“In the fury of the moment…”
Dateline: On A Country Road
I had a friend, and he was blind, and he built kites.
And the kites,
My friend told me, he could feel,
Blue, he said, felt better than, Red. And in his hands as he spoke, was a kite of blue.
My friend, who built kites, and was blind, believed in miracles.
Not in the miracle of new found sight but in the miracle,
Of blues, of reds, of greens and yellows.
“We would be fine living in a black and white world,” he would tell me, “but instead it is a world of color; take time to see the color, take time to feel the color, color is a miracle, color is the message to us that… Special is possible, that Special is real, that Special…happens.”
I had a friend, who was blind, and who built colorful kites,
and he passed away peacefully in his sleep,
and later came a box from my friend, and the box said simply, “For Bones,” my nickname as a teenager, and in the box, no note, only a kite,
and the kite was white,
and there was a ball of string,
and underneath the ball of string,
a box of crayons.
Special happens, my friends.
“…I can see…”
There are moments in life so extraordinary…that they become special forever. Moments never to be forgotten. Never to be repeated.
One of my roommates while I’m on the road covering the Elites, Shaw Grigsby, had just finished Day 1 of the Bainbridge, Ga., tournament on Lake Seminole in 1st place.
We went out to dinner to celebrate, and on the 20-minute drive back to our rental house, alone in the Tundra, we had time to talk: “db, how special is it that you write a story about never letting your best days be behind you, and on the day that runs, I come in first place.”
The story: “Rabbits & Bulldogs” talked about how getting older shouldn’t define you.
Me: “You know, dude, I think it’s a message from the universe; I think we get messages like that all the time, but the speed of life is so fast we don’t take the time to step back and see it. Special happens, I think, because the hand that guides us wants us to know…”
“…that he’s still there. db, what happened today was a blessing…”
“…I know what you mean…it’s like those special moments when it seems the whole universe just lines up, and everything is going perfect, you can almost see ahead into the immediate future you are so dialed in, it’s like you are one with the universe.”
“It was special, so special, what a way to begin the season…”
“…it’s a text message from the universe dude, a text that Special…Happens.”
“… the master's hand…”
And special happened for four other Elite anglers last week…five of the Top 12 to fish on Sunday…almost HALF are 50 years of age…or OLDER.
The last time Charlie Hartley made a regular season Top 12 was in 2007…seven years ago, “db, this was SUPER special…all three days, I did not start well, and then suddenly, everything changed. It was magical, boy was it magical, got to thank the man above, just wow, just wow.”
Byron Velvick last made a Top 12 in 2010; injuries have played a big role in that so: “This week was special. The last couple of years I haven’t turned my phone on before weigh-in; this tournament I called my father, called everyone to be sure to watch the weigh-in. It was really emotional for me.”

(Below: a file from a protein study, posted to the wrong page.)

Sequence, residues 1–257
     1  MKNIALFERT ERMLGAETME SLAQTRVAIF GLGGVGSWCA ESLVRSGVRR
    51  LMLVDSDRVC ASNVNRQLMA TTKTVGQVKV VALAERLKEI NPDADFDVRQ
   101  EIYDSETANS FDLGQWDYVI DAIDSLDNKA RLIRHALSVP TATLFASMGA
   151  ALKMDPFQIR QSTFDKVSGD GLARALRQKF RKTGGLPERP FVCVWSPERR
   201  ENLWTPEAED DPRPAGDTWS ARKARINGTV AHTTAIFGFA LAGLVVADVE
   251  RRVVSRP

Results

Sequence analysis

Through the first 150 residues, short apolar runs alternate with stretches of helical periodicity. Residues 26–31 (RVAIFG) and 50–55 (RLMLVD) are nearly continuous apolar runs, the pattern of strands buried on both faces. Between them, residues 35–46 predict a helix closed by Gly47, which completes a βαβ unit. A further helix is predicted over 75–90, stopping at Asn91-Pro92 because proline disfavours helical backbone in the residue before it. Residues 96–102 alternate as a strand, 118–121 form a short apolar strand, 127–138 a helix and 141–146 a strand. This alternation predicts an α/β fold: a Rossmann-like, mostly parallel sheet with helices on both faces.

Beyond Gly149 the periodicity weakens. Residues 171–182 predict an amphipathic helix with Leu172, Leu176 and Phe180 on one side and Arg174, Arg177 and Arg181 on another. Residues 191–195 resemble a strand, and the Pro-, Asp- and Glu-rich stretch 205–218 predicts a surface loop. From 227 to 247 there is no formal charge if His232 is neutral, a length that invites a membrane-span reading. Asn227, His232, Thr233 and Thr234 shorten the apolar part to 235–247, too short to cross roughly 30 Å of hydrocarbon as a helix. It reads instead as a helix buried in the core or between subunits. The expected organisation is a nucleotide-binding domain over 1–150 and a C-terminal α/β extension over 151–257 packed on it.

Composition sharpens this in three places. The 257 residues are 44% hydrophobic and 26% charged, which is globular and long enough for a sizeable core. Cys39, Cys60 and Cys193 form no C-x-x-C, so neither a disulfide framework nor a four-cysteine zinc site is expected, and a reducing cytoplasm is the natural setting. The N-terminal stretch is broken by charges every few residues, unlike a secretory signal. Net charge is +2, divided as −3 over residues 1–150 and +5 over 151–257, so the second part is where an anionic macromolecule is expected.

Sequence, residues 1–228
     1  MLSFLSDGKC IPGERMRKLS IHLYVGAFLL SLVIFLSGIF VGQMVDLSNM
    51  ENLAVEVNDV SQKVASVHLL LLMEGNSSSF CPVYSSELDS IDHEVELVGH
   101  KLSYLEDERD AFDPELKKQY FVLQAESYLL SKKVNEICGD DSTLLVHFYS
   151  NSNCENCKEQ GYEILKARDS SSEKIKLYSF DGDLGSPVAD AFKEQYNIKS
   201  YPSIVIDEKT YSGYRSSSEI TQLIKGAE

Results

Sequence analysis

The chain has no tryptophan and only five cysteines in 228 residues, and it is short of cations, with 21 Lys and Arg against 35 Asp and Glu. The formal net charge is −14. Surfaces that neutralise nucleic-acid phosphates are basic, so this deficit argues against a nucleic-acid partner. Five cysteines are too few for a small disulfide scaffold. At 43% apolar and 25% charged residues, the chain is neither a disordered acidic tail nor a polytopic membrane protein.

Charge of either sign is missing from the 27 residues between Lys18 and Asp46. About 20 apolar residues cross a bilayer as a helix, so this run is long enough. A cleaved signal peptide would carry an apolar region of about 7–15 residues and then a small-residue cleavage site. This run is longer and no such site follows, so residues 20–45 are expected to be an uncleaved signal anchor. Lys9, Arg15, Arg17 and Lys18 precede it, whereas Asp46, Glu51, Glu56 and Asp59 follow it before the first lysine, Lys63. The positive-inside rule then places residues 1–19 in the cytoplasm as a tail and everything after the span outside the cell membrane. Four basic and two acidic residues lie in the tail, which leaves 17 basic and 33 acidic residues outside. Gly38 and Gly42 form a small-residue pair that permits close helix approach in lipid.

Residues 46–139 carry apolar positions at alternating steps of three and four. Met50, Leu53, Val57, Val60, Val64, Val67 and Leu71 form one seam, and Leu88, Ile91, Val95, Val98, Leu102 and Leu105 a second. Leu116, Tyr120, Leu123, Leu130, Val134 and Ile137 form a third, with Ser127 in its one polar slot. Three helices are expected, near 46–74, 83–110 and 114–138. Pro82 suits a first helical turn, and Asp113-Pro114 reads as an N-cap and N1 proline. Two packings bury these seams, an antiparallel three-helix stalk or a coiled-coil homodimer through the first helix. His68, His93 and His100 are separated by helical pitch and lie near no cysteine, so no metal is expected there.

It was only one year ago that Bernie Schultz was one of the last 12 Elite anglers standing: “It’s been profound for me…when I first started fishing, Shaw Grigsby was like a mentor to me. I learned an awful lot from him and then I found myself standing on the stage with him; that, to me, made it even more special.”
“…in every leaf that trembles…”
And then there was Kevin Short, K-Pink is what I called him after we first met some 7 years ago on Lake Champlain. Kevin was the first Elite angler I ever met back when I had no idea what an Elite angler was or what Bassmaster was for that matter.
Kevin is my best friend on the tour, and his wife, Kerry (K-2), has become my older-younger sister.
I normally don’t stay around on Sunday. I usually hit the road for the next event but because my roommate Shaw was fishing on the last day, and especially because Kevin was fishing the next day, I stayed.
The last time Kevin took the Elite stage as one of the last standing was 2010: “The last three years have been hell.”
I know, because I was there.
I know, because I never knew what to say to a great friend who just finished in 68th place or 80th or worse – 52nd – two below the cut, two places out of $10,000.
I know, because I had no words for a great angler caught up in a bad streak. People ask me all the time who do I want to win, and I always say, I don’t care. But I do, I care for my friend and I always hope he wins.
“db, this is a great start to the season, a double positive, and I know he is coming into it with a whole new attitude.
“I’ve heard him say that he can’t change yesterday or tomorrow but he can change today, and it has been working great,” according to K-2.
Kevin, my friend, the reason I only asked you one question during our interview is simply because I ride the waves with you out there on the many lakes. I know how you feel on the bad days, been there, know how you feel when you win one of these things, been there, too.
Good friends win together.
Good friends lose together.
Special Happens, with friendship.
I miss my blind friend who made colorful kites.
We were visiting from California, staying at my parents’ house in Kenmore, N.Y., when my mother, Helen, brought down an old box she was going to throw away.
She told me it was mine and asked if I wanted it; if not, it was going to be tossed. When I opened it, it was the white kite.
In the corner of an old cemetery in Tonawanda, N.Y., may still lay a white kite colored in with crayons,
by my then one-year-old daughter.
I miss my blind friend who made colorful kites,
and who left a box of crayons,
and a blank white kite,
for a child not born yet,
to one day,
“…grain of sand.”
“Every Grain of Sand”